Choosing a Good Tradesperson
Here are several ways you can make sure you hire a reliable tradesperson that will perform a professional, high quality and cost-efficient job.
Check Their Experience and Accreditations
The number of years in the trade, together with qualifications acquired over the length of his or her career, can all indicate how serious a bathroom fitter is about their profession. Are they a member of a trade association such as The British Institute of Kitchen, Bedroom and Bathroom Installation (BiKBBI) Or maybe he or she is a member of the Kitchen Bathroom Bedroom Specialists Association (KBSA) Then again, perhaps they are signed up to TrustMark or a Consumer Codes Approval Scheme etc.
Read Their Reviews
There’s no guarantee that reviews on an individual contractor’s website or a review site are genuine. The best way to find out if a testimony is true is to contact whoever made it and ask them directly how they found the contractor. Did he or she work quickly and efficiently? Were they tidy? Is the work as expected etc?
Check Previous Work
You can get the addresses of previous clients from the contractor him or herself. And, if they agree, go around for their home and take a look at the work for yourself.
Ask People That Have Used Them
It may be that a work colleague has used the contractor you are thinking of hiring. Or it may even be a friend of a friend. These people tend to be more trustworthy than a stranger you have never met before. They’re also more likely to invite you over to take a look at the work.
Get Multiple Quotes
Once you’ve received a quote you think sounds decent, don’t just snap the contractor’s hand off and sign on the dotted line as soon as possible. Rather, play it cool and say you will get back to him or her. Then, call in another couple of contractors so that you get at least three quotes. You can then compare them to find out which you believe is ultimately the best value. You may find a large variation in cost, or a difference in the type of services each contractor is prepared to include in the price.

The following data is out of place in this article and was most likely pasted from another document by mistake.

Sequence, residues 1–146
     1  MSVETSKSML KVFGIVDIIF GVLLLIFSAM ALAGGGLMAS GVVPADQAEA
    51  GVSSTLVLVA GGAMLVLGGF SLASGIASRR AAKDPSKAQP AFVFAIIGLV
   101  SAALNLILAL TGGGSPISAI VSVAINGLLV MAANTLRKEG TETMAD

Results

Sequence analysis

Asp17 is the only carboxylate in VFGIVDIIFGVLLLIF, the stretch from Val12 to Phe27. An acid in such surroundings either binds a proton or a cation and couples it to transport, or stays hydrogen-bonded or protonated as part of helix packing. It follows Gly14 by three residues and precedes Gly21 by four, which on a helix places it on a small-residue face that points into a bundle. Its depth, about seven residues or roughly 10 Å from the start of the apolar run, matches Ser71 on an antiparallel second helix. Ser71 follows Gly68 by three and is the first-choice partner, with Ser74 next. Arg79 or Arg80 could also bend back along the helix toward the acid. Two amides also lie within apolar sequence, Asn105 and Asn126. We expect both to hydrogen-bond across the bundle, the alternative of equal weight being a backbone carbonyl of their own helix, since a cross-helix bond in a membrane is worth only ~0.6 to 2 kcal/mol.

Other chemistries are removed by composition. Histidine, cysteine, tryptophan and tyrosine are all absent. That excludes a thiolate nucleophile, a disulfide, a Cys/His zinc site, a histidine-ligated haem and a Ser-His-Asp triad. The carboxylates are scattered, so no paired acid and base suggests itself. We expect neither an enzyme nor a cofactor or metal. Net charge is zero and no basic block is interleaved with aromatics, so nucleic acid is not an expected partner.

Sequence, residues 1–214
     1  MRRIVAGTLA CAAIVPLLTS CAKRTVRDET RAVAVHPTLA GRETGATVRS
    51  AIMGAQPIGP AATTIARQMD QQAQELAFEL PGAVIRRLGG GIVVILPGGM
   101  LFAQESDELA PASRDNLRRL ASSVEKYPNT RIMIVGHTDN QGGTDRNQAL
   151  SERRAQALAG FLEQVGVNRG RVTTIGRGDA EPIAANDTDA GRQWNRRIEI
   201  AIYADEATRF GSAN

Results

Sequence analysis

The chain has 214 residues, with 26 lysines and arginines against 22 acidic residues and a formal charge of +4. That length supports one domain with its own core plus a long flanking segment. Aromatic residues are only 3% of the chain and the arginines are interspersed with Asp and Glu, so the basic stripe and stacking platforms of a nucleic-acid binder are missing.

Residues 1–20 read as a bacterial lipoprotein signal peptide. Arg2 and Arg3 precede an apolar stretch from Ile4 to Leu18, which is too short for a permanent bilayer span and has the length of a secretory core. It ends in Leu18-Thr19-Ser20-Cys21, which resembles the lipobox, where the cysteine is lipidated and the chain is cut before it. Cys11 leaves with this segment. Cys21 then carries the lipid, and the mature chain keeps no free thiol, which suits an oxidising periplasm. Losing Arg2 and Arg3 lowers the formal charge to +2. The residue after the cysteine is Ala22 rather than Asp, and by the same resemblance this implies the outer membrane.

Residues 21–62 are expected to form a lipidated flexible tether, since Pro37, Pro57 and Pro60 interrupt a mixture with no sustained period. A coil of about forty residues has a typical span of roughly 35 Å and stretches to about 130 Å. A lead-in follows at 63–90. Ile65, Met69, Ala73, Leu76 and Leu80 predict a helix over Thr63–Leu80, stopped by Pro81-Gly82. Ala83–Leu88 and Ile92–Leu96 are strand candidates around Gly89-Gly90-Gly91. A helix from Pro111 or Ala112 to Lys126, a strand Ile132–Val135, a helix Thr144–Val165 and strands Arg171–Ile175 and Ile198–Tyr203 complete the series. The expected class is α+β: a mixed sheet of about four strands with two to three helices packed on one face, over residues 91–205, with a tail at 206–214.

Finding the Right Tradesperson – Questions & Considerations
Be sure to ask these questions when first speaking to a tradesperson or when they come round to give you a quote.
It’s perfectly acceptable to add a contractor for references from previous clients. You are paying him or her a large amount of money, after all, so it makes sense to ensure you get what you want. Ask to see the previous work carried out for at least two clients.
What is Included in the Quote
The quote should contain a division of the costs ie between materials and labour. It should also list whether or not there are any outsourced contractors such as an electrician or plumber – and what their costs are. Also ask if there will be a charge for transporting materials from the depot to your home and there will be parking charges etc (these can add up). Also, is VAT included in the final price? Again, don’t just agree to the first quote you receive – get at least three.
Building Regulations Compliance Certificate
Your local authority Building Regulations section (usually part of Planning), will issue a building regulations compliance certificate saying your extension, loft refurbishment etc has been approved. This means your builder, joiner, plumber etc can go ahead and get started.
It may be though that you can bypass the council visit. If your tradesperson is already a member of a Competent Persons Scheme run by the government, then he or she can confirm that the work has been done to the standard required.
How Many Years Trading?